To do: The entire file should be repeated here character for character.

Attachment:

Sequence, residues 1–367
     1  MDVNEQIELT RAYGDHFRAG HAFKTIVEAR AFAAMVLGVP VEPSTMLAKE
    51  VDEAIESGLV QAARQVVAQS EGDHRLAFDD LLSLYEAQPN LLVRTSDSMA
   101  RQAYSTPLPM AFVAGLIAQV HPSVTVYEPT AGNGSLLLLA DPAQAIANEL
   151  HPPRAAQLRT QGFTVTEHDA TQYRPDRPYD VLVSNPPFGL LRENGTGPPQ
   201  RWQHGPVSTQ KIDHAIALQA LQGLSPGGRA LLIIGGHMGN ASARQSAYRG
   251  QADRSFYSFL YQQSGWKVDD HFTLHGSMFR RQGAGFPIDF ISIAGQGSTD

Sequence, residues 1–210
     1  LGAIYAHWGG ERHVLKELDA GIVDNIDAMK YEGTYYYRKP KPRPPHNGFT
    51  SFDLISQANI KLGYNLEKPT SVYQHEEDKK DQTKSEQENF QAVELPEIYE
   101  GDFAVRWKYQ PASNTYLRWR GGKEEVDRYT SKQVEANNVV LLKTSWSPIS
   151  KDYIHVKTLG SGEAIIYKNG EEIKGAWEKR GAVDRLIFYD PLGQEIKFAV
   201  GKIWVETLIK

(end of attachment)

Sequence, residues 1–367
     1  MDVNEQIELT RAYGDHFRAG HAFKTIVEAR AFAAMVLGVP VEPSTMLAKE
    51  VDEAIESGLV QAARQVVAQS EGDHRLAFDD LLSLYEAQPN LLVRTSDSMA
   101  RQAYSTPLPM AFVAGLIAQV HPSVTVYEPT AGNGSLLLLA DPAQAIANEL
   151  HPPRAAQLRT QGFTVTEHDA TQYRPDRPYD VLVSNPPFGL LRENGTGPPQ
   201  RWQHGPVSTQ KIDHAIALQA LQGLSPGGRA LLIIGGHMGN ASARQSAYRG
   251  QADRSFYSFL YQQSGWKVDD HFTLHGSMFR RQGAGFPIDF ISIAGQGSTD

Sequence, residues 1–210
     1  LGAIYAHWGG ERHVLKELDA GIVDNIDAMK YEGTYYYRKP KPRPPHNGFT
    51  SFDLISQANI KLGYNLEKPT SVYQHEEDKK DQTKSEQENF QAVELPEIYE
   101  GDFAVRWKYQ PASNTYLRWR GGKEEVDRYT SKQVEANNVV LLKTSWSPIS
   151  KDYIHVKTLG SGEAIIYKNG EEIKGAWEKR GAVDRLIFYD PLGQEIKFAV
   201  GKIWVETLIK